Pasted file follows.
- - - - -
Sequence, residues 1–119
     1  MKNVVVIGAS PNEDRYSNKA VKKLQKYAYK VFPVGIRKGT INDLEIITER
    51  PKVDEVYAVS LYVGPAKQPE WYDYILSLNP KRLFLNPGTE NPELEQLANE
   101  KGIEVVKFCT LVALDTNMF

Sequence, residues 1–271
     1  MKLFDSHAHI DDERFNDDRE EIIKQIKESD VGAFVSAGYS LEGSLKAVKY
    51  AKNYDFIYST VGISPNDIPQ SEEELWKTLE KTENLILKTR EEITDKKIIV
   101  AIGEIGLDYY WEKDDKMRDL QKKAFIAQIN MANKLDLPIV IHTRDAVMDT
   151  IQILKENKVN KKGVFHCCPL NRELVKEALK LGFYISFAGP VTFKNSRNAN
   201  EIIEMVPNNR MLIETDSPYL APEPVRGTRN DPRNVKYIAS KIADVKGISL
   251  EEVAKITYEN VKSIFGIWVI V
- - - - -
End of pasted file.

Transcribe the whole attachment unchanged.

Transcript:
Sequence, residues 1–119
     1  MKNVVVIGAS PNEDRYSNKA VKKLQKYAYK VFPVGIRKGT INDLEIITER
    51  PKVDEVYAVS LYVGPAKQPE WYDYILSLNP KRLFLNPGTE NPELEQLANE
   101  KGIEVVKFCT LVALDTNMF

Sequence, residues 1–271
     1  MKLFDSHAHI DDERFNDDRE EIIKQIKESD VGAFVSAGYS LEGSLKAVKY
    51  AKNYDFIYST VGISPNDIPQ SEEELWKTLE KTENLILKTR EEITDKKIIV
   101  AIGEIGLDYY WEKDDKMRDL QKKAFIAQIN MANKLDLPIV IHTRDAVMDT
   151  IQILKENKVN KKGVFHCCPL NRELVKEALK LGFYISFAGP VTFKNSRNAN
   201  EIIEMVPNNR MLIETDSPYL APEPVRGTRN DPRNVKYIAS KIADVKGISL
   251  EEVAKITYEN VKSIFGIWVI V